Home > Cricket > Is the ICC right to exclude Associate teams from the next World Cup?

Is the ICC right to exclude Associate teams from the next World Cup?

Since the ICC Cricket World Cup began on the 19th February, nine matches have taken place in which a test playing nation has faced a so-called Associate team. For the most part, the matches have resulted in one-sided drubbings: Sri Lanka defeated Canada by 210 wins, New Zealand bowled Kenya all out for just 69 en route to a ten wicket victory, England defeated the Netherlands by six wickets with eight balls to spare, Pakistan hammered Kenya by 205 runs, the West Indies crushed the Netherlands by 215 runs, Zimbabwe put Canada to the sword in a 175 run victory and Sri Lanka beat Kenya by nine wickets.

Looking at these results, it easy to jump to the conclusion that the likes of Canada, Kenya and the Netherlands, are simply not fit to share the same field as the Tendulkars, Sangakkaras and Afridis of the world, and that they should be left to their own devices away from cricket’s biggest spectacle. In the abovementioned games, it was apparent that most of the batsmen were simply not good enough to deal with the devilish yorkers of Sri Lanka’s Lasith Malinga, or the searing pace of West Indian Kemar Roach and their bowlers were taken to the proverbial cleaners, most noticeably by West Indies man mountain Kieron Pollard.

Prior to the World Cup, there was much talk (and it is very much ongoing) as to whether the Associates should be allowed to play in the World Cup, or whether they should at least have their number reduced to two, as this would avoid such uncompetitive thrashings. The ICC has taken the decision to reduce the number of participating teams to ten for the 2015 edition of the tournament, effectively ruling out the Associates. It is unclear why this decision has been taken, although many have complained about the duration of the tournament (6 weeks), most noticeably England captain Andrew Strauss. Reducing the number of teams would allow for a shorter format. Another possibility is a pure business decision following the commercial disaster that was the elimination of both Pakistan and India in the group stage four years ago, the sport’s two largest TV markets.

Whilst it is true that the Associates’ record against test playing nations is, well, poor, it is not as straight forward as their detractors would have us believe. At the last tournament in 2007, Pakistan lost to Ireland in a remarkable upset and just last week, the Netherlands made England look very poor as they pushed Andrew Strauss’s men close. Then today, Ireland shocked the world for the second World Cup in a row as they chased down a World Cup record total of 328 to defeat the model of inconsistency that is England. Furthermore, Ireland’s incredible chase provided us with one of the all-time great one day innings as all-rounder Kevin O’Brien smashed 113 from just 63 balls, setting a World Cup record for the fastest century in the process (50 balls). There have been other moments too, who can forget Dwayne Leverock’s athletic diving catch to dismiss India’s Robin Uthappa in 2007? Who did not enjoy seeing Kenya reach the semi-finals in 2003? If the ICC’s main aim in holding a World Cup is to entertain, then what is more entertaining than a good old-fashioned cupset?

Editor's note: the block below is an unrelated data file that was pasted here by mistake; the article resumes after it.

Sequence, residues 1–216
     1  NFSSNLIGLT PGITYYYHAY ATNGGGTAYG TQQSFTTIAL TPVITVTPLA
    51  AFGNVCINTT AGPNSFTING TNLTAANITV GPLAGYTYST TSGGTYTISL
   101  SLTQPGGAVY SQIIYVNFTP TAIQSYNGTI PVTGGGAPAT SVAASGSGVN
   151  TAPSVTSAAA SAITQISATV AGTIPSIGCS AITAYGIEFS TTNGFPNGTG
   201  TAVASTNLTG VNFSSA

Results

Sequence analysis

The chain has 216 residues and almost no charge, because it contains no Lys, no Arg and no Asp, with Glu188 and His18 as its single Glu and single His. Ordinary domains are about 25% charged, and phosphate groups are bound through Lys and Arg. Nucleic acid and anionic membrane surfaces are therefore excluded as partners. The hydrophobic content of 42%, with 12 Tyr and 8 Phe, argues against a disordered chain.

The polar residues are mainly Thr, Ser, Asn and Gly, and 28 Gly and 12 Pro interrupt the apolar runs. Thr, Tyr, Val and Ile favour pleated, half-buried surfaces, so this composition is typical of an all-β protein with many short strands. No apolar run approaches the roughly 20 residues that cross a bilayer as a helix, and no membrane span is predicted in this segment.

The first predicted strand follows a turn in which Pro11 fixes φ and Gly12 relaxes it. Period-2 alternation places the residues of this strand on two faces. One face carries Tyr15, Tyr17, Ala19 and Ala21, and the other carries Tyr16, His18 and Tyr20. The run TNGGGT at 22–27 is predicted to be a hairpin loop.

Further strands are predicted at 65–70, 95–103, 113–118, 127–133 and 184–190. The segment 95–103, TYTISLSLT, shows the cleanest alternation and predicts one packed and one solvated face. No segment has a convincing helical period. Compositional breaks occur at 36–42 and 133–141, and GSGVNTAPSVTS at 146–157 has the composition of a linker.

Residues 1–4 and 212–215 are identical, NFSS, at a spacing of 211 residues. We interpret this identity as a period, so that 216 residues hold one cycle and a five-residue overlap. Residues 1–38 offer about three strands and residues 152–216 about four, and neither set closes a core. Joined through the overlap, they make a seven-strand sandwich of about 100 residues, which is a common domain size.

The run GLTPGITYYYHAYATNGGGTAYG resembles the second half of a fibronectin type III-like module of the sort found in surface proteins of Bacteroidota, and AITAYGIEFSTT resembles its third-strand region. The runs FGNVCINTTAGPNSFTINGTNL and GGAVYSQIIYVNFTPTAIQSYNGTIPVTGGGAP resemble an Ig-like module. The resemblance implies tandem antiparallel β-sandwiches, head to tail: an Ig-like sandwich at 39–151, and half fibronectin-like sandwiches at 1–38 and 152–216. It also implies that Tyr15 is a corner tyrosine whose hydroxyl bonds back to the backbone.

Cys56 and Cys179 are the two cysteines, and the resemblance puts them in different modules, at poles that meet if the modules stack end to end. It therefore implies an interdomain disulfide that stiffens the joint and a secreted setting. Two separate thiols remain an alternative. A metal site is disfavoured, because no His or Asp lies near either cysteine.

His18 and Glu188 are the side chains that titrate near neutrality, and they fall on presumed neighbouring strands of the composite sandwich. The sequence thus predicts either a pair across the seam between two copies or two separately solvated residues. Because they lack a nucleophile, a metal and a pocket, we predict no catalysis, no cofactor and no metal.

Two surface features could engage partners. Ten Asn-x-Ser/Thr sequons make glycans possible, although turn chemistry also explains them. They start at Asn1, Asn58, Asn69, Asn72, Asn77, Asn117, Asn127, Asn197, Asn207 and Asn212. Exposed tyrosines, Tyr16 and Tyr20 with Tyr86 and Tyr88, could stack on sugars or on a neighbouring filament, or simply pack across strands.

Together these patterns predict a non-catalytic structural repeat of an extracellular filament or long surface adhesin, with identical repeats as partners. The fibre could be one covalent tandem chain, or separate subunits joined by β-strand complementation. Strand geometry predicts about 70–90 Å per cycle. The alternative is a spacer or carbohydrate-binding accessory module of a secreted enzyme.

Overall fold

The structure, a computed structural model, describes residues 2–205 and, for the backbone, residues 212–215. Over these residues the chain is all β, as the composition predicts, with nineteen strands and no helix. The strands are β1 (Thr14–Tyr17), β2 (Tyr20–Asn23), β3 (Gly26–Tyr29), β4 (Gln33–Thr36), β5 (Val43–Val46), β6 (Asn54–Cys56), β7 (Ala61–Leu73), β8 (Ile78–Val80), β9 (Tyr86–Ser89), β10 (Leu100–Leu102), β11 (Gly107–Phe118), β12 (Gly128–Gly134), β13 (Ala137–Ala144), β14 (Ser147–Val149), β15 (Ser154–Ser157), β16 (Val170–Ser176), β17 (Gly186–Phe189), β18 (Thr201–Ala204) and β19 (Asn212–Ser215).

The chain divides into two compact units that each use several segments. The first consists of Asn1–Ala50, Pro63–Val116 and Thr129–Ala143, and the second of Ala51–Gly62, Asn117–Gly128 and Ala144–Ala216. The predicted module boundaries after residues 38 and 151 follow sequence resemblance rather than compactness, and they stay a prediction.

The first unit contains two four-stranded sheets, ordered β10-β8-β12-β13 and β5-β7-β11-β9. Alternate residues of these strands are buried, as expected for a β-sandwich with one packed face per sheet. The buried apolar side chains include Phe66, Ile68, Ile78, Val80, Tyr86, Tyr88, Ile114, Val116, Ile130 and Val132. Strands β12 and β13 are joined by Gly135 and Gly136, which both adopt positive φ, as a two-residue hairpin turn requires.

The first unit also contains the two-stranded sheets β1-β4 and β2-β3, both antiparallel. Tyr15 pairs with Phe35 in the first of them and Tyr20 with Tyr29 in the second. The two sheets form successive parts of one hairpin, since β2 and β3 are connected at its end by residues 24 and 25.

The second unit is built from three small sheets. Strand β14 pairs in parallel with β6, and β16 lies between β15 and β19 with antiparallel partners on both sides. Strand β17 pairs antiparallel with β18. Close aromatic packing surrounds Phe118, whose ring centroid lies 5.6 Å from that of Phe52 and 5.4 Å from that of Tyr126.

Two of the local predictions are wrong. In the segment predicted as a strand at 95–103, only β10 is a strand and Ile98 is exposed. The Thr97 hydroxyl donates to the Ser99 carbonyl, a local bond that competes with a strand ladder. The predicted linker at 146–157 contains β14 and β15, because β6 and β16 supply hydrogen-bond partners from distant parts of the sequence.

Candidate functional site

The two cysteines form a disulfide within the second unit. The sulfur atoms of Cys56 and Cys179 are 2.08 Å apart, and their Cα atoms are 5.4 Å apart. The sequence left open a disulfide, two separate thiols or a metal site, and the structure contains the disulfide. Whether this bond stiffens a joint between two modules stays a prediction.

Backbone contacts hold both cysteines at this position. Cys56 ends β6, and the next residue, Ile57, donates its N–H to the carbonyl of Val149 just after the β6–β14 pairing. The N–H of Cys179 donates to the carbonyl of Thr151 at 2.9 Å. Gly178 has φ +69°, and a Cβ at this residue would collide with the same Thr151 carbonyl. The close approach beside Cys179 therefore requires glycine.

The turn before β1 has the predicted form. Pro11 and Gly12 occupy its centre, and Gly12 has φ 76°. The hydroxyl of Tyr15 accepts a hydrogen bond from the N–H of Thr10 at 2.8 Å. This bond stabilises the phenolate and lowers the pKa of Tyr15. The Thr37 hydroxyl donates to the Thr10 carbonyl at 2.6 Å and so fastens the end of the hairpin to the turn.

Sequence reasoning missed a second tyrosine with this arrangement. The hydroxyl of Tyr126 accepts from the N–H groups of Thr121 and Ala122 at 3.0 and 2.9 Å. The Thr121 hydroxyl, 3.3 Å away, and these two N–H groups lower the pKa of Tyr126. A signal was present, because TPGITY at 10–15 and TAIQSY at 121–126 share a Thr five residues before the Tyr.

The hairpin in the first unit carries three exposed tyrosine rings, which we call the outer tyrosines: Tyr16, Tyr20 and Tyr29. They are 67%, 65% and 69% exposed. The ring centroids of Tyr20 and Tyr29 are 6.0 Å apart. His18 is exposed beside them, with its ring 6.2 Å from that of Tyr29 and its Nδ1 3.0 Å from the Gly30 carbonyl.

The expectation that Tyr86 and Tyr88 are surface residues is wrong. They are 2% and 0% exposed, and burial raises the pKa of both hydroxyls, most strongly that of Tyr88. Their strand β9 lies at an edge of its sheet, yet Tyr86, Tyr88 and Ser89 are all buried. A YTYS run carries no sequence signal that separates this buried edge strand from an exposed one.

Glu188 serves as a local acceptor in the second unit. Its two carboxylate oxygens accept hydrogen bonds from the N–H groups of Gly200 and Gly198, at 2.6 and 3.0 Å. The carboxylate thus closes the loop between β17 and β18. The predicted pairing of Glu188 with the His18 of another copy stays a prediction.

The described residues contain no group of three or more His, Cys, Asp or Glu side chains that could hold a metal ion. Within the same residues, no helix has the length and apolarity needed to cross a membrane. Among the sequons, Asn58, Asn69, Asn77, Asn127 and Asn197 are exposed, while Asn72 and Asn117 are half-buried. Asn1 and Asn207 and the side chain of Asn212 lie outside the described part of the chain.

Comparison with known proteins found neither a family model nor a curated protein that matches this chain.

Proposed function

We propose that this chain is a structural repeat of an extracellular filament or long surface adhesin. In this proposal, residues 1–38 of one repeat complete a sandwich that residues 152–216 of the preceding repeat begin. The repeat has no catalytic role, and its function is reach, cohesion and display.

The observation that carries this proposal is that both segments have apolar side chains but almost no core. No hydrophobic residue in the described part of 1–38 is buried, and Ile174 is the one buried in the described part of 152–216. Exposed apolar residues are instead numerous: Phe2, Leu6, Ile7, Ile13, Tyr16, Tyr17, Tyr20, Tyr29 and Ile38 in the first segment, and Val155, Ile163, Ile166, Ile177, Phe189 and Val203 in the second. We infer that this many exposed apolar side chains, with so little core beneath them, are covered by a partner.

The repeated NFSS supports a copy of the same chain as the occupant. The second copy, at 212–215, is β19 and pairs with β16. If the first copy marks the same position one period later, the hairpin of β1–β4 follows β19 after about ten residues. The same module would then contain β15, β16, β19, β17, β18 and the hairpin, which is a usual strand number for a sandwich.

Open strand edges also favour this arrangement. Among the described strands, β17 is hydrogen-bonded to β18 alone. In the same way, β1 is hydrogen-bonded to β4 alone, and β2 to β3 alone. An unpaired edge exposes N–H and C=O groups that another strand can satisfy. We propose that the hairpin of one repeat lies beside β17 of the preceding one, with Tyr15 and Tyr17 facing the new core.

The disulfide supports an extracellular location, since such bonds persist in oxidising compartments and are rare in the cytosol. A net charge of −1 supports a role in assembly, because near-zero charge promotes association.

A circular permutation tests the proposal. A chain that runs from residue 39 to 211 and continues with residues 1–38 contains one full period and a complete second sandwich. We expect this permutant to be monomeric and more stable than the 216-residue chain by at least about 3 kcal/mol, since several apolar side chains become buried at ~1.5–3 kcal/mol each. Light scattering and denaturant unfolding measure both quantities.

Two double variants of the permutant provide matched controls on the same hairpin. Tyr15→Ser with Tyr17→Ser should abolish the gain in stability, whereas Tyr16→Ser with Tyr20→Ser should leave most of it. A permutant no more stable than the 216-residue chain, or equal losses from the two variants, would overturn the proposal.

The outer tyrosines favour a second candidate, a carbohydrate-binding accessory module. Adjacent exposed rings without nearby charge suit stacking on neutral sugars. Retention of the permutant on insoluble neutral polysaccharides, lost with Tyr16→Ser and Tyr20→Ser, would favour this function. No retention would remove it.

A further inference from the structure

How can the Associate teams be expected to improve if they are not given the opportunity to test themselves against the best? Sri Lanka is a case in point. The Sri Lankan team was not granted test status until 1982, just 14 years later, they were world champions and they are now frequently amongst the favourites for all major tournaments. Moreover, if the likes of Kenya and Ireland are to progress, there surely needs to be a revision of the rules that allow players who have played for an associate side to switch to a test side if the test side comes knocking. This is particularly pertinent in the case of Ireland who have lost several players to England in the recent past, most noticeably star man Eoin Morgan.

However, the real issue was addressed by Pakistani bowling legend Wasim Akram as he spoke of the need for a quality first-class cricket structure in these countries, starting with getting the game in to schools. Akram has pressed this issue in his native Pakistan and is spot on in his observations regarding the Associates. This may not be possible however in countries in which cricket is a minor sport so the key is to get Associate players playing in English county cricket, Sheffield Shield matches in Australia and first class games in South Africa. This will allow associate players to test their mettle against genuine world class operators in a highly competitive environment.

The ICC has long stated that its mission is to make cricket a worldwide game and to involve more than just the traditional test nations. To Haroon Lorgat I ask: ‘how does excluding the Associates achieve this goal?’

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